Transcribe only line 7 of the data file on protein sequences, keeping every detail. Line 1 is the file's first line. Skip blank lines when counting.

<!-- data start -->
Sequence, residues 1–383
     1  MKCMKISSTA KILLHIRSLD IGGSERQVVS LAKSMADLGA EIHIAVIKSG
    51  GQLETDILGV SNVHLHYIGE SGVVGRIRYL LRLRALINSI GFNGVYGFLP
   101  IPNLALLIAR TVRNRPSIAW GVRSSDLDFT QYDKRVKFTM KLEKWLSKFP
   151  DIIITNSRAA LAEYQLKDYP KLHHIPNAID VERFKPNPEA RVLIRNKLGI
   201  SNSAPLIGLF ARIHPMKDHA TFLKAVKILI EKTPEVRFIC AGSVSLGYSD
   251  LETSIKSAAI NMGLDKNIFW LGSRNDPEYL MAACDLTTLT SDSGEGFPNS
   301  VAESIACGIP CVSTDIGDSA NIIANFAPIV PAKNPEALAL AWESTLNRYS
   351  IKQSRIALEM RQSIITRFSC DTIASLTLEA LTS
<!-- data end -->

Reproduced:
   251  LETSIKSAAI NMGLDKNIFW LGSRNDPEYL MAACDLTTLT SDSGEGFPNS